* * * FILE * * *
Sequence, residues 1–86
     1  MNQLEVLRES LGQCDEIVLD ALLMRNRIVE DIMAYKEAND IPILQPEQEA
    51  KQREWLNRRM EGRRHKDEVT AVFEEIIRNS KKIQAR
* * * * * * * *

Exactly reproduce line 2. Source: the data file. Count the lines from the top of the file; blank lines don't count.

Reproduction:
     1  MNQLEVLRES LGQCDEIVLD ALLMRNRIVE DIMAYKEAND IPILQPEQEA